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Malaysian agtech fund likes biogreentech companies

Spruce Capital's Malaysian Life Sciences Capital Fund II has recently started investing in agtech. Co-managing partner Ganesh Kishore, who has over 30 years of experience in agtech, shares his views on the sector.

Spruce Capital’s Malaysian Life Sciences Capital Fund II has recently started investing in agtech. Ganesh Kishore, chief executive and co-managing partner of Malaysian Life Sciences Capital Fund, who has over 30 years of experience in agriculture technology, shares his views on the sector.

When did MLS Capital first start investing in the agriculture sector?

MLS Capital Fund I was formed in November 2006 and invested in 12 portfolio companies. Seven of them are listed on Nasdaq or the New York Stock Exchange.

Fund II was formed in early 2014 and we just closed the first round of financing in January 2015.

What specifically within the agri space is the firm interested in?

Our interest in the agri space is spread across a wide range of areas, almost everything. We are interested in improving the productivity and the consistency of the productivity, with respect to drought management.

Adding value to agricultural waste is another focus area of ours, taking agricultural waste and transforming it to fuels and adding value to the food and feed side of the business as well.

Basically, any technologies that can improve the soil efficiency and land productivity, turn wastes into value-added assets and boost the sustainability of agricultural production will be an interest of our fund.

Although we’re not interested in medical devices or pharmaceuticals, all other aspects of biosciences which impact human food needs and environmental needs will be of interest to us.

What is the difference between Fund I and Fund II?

Fund II started investing in January this year and we have been evaluating deal flow and picking the right targets.

To date, we have made three investments: Provivi, a bio-based pest control provider, GreenLight Biosciences, which makes renewable chemicals, and Consumer Physics, an Israeli start-up that builds a pocket spectrometer for smart phones.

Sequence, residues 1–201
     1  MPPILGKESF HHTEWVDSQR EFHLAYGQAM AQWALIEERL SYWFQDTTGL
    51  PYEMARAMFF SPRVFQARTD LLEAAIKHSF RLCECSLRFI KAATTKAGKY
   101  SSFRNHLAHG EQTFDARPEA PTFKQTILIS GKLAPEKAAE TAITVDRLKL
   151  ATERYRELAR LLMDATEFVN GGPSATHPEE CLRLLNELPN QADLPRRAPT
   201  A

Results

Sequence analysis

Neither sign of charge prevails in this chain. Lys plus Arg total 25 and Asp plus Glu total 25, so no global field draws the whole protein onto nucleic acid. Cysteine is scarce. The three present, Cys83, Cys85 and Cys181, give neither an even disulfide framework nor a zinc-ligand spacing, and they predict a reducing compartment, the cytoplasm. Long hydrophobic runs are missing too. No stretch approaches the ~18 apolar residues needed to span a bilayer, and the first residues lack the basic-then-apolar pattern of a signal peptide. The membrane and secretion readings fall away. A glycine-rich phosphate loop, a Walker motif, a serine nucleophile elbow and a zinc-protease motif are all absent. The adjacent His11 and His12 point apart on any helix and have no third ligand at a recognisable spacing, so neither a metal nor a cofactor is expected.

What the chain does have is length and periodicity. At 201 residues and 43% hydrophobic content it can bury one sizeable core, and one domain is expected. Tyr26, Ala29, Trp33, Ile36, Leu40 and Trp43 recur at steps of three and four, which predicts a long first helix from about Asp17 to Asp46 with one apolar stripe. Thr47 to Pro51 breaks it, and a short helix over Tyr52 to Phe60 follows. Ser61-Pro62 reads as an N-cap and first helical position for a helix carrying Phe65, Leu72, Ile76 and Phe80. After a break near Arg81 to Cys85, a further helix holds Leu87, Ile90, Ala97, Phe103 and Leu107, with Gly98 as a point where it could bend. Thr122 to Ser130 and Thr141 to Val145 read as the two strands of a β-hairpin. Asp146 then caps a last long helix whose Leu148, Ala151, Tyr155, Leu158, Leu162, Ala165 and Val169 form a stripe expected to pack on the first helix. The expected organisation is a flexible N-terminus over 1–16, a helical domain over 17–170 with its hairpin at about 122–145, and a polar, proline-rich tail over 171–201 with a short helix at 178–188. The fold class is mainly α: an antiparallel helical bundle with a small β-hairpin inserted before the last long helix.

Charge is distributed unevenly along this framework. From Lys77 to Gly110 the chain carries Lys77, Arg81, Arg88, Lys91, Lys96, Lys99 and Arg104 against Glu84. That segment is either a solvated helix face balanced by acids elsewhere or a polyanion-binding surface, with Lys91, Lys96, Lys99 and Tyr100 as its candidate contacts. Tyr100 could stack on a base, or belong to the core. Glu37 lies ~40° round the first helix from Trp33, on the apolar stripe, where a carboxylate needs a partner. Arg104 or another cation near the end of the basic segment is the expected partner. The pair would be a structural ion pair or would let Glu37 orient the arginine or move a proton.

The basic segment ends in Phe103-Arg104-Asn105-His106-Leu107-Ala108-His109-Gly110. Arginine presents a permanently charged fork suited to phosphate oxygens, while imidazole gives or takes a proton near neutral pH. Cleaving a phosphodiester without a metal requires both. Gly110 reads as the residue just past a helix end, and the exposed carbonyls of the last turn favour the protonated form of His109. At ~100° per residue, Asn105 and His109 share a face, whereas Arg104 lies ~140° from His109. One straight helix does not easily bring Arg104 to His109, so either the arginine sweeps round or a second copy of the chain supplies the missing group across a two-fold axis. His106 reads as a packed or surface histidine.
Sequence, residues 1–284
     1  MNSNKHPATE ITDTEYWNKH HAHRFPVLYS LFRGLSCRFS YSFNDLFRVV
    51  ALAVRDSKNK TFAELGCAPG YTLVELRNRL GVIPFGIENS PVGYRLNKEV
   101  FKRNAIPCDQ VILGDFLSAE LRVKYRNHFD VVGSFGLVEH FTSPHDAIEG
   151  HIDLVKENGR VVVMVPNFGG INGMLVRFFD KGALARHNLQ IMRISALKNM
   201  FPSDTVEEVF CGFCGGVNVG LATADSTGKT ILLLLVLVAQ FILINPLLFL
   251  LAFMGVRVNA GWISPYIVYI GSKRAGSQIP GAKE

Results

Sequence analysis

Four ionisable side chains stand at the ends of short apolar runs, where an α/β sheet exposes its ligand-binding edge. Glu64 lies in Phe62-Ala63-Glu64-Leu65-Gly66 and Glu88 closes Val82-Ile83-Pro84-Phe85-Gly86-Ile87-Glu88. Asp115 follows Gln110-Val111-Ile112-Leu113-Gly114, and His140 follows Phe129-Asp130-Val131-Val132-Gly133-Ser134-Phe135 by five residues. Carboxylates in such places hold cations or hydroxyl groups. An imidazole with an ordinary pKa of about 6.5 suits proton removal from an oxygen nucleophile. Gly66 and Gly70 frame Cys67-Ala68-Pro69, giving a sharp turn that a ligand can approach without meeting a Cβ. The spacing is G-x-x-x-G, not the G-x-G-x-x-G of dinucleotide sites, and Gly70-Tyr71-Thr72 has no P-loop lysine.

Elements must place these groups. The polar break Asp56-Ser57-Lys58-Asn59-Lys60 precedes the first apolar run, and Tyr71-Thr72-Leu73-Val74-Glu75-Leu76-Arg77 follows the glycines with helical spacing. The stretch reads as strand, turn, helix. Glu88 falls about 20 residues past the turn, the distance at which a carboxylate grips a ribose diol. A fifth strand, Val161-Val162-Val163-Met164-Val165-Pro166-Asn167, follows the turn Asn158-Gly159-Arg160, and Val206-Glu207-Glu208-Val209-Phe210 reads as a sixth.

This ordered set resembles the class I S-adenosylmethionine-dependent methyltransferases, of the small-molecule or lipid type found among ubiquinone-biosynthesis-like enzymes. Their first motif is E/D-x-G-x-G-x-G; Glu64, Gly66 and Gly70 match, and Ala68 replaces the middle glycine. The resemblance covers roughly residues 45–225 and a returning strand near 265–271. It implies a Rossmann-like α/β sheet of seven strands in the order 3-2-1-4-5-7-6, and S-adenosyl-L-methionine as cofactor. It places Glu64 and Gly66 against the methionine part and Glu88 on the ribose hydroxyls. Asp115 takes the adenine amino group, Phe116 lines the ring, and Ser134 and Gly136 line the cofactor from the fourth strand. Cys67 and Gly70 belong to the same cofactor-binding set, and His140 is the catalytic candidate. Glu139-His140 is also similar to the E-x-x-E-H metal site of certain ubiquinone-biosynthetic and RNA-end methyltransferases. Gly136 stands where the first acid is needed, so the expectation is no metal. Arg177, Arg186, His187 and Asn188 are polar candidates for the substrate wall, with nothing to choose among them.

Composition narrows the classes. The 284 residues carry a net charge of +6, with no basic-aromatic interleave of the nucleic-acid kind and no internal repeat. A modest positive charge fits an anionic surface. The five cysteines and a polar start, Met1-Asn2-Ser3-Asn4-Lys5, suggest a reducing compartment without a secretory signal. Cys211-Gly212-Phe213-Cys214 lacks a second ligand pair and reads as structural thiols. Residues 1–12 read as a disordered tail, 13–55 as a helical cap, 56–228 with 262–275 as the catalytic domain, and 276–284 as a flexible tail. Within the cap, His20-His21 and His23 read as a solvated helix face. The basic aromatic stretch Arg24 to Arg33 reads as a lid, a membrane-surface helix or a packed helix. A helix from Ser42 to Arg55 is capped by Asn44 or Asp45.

Compare to Fund I, which invested in agriculture in broadly, Fund II is very much focused just on bio-greentech companies.

The investor bases for the two funds are different. Fund I invested in Malaysia-centric companies which means it had to have a degree of relevance to Malaysia. Fund I purely attracted financial investors and they are all Malaysian investors. Fund II attracts global institutional investors.

Fund II has a few returning investors from Fund I including the anchor investor in the previous fund and some Malaysian investors who do business in the agriculture space.

The investor base for Fund II is evenly divided between industrial institutional investors or business investors and financial investors, ones that invest for the return purposes.

Malaysia has lots of natural resources, and investors want to maintain production. However, the country imports lots of rice, soybeans and corns in order to grow livestock, which makes sustainability and food security long-term concerns.

What is Fund II’s investment strategy?

Fund II is about accessing technologies globally and will invest in the US, Europe, Australia, China, India and Japan. We are looking for technologies that are not common, or the ones that are won’t be commercialised any time soon but can be customised to local regions.

The plan next is to raise more capital for Fund II and make one or two more acquisitions with the new fund by the end of the year.

What do you think of the competition coming from big Western agtech VC funds?

There are not that many people in the bio-greentech space and we don’t look like firms like Finistere or Google Ventures as competitors.

The ecosystem in the bio-greentech space is much smaller compared to agtech in general, and we partner with pretty much all the companies [in this space] in order to build the business.

We are considered as one of the marquee investors in the industry with a good track record and we bring companies from concept to reality.

There is going to be increasing consumption in the bio-green space because the emergence of the middle class, especially in Asia, and economic growth requires lots of food and energy. We are focused on the macro trends and want to make sure our [portfolio] companies fit into these macro trends.